Usually, inquests are held without a jury. However, there are some circumstances in which a jury is required, such as: if your loved one died a violent or unnatural death; where the cause of death is unknown and occurred in police custody or state detention, following an act or omission from a police officer or staff member; or, if their death occurred while they were at work. State detention includes being detained under the Mental Health Act 1983.

If a jury is called, they, rather than the Coroner, will decide the outcome of the inquest.

What is an Article 2 inquest?

If it is suspected that the State has caused, contributed to or failed to prevent the death then an Article 2 inquest will take place. This refers to Article 2 of the European Convention on Human Rights, which is about the right to life. An Article 2 Inquest is a wider-reaching investigation and the Coroner or jury must not only consider and answer the four main questions above, but also establish ‘in what circumstances’ the death occurred.

What will happen at the inquest?

The Coroner will open the inquest and explain its purpose and that it is not held to establish any criminal or civil liability. The Coroner will then identify all the interested persons and parties before calling each witness to give their evidence, either in person or by way of a written statement. If a witness is present at the inquest and giving oral evidence, then the Coroner can ask that witness any questions that are relevant to the inquest. It will then be open to the interested persons or their legal representatives to ask questions of that witness.

There are likely to be breaks throughout the hearing and you are also free to leave the hearing if you find the evidence too distressing to listen to.

Once all the witnesses having finished giving their evidence, or their statements have been read out, the Coroner will sum up the evidence and they, or the jury, will give their conclusion.

For further information, see How to prepare for an inquest which gives practical guidance and tips.

What are the possible outcomes?

At the end of hearing all the evidence the Coroner, or jury will reach their conclusion, which will be one of the following:

  • Natural causes
  • Accidental death
  • Suicide
  • Unlawful or lawful killing
  • Neglect
  • Industrial disease
  • Open conclusion – where there is insufficient evidence to reach any other conclusion

There will also be a brief narrative – a sentence or short paragraph setting out the facts surrounding the death in more detail.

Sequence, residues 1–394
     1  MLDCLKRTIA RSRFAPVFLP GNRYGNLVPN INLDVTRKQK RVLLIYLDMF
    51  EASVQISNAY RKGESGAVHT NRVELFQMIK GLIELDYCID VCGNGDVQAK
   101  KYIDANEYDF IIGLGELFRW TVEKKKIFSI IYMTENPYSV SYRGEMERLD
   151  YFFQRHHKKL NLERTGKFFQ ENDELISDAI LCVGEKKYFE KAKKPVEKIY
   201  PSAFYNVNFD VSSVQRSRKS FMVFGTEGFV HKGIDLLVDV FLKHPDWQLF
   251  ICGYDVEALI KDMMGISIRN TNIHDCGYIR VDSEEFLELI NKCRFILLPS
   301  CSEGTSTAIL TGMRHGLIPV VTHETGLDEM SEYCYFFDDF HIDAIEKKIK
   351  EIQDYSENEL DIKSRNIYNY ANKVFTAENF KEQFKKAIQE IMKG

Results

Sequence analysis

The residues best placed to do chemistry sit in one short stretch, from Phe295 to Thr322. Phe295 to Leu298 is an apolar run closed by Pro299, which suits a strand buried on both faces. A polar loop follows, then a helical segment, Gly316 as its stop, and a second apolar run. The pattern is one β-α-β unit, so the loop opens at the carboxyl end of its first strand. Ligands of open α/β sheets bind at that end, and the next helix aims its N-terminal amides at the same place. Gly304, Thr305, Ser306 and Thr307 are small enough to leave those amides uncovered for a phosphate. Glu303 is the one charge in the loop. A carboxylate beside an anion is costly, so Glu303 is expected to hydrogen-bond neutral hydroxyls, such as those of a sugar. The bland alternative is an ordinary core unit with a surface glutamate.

Do I need legal representation at an inquest?

The majority of people attending an inquest will not need legal representation. However, in cases that involve blame or liability for a person or business, such as where clinical negligence may be involved, families often instruct inquest lawyers to attend and act on their behalf.

Although Coroners cannot determine liability for a death, the evidence that is gathered during the inquest process can be extremely helpful as part of a civil case following an inquest, such as when a claim for clinical negligence is being made. In these circumstances it may be appropriate to instruct experienced inquest solicitors.

At Coodes, our specialist clinical negligence lawyers are regularly instructed to represent bereaved families in cases of death following medical treatment. In such cases, it is normal that the Coroner will call medical, surgical and nursing staff to the inquest to give evidence.

In a medical negligence case, if the deceased’s family have concerns about the treatment or care received, we will do our best to explore these issues within the constraints of the limited purpose of the inquest. In some cases, therefore, our inquest solicitors can represent you, to help guide you through proceedings and to make sure your voice is heard. This also helps gather crucial evidence ahead of any compensation claim for medical negligence.


Rachel Pearce

Head of Clinical Negligence and Personal Injury

Gareth Monk


Sharon Parsons

Litigation Executive

News & Events

Key contact

Rachel Pearce

Head of Clinical Negligence and Personal Injury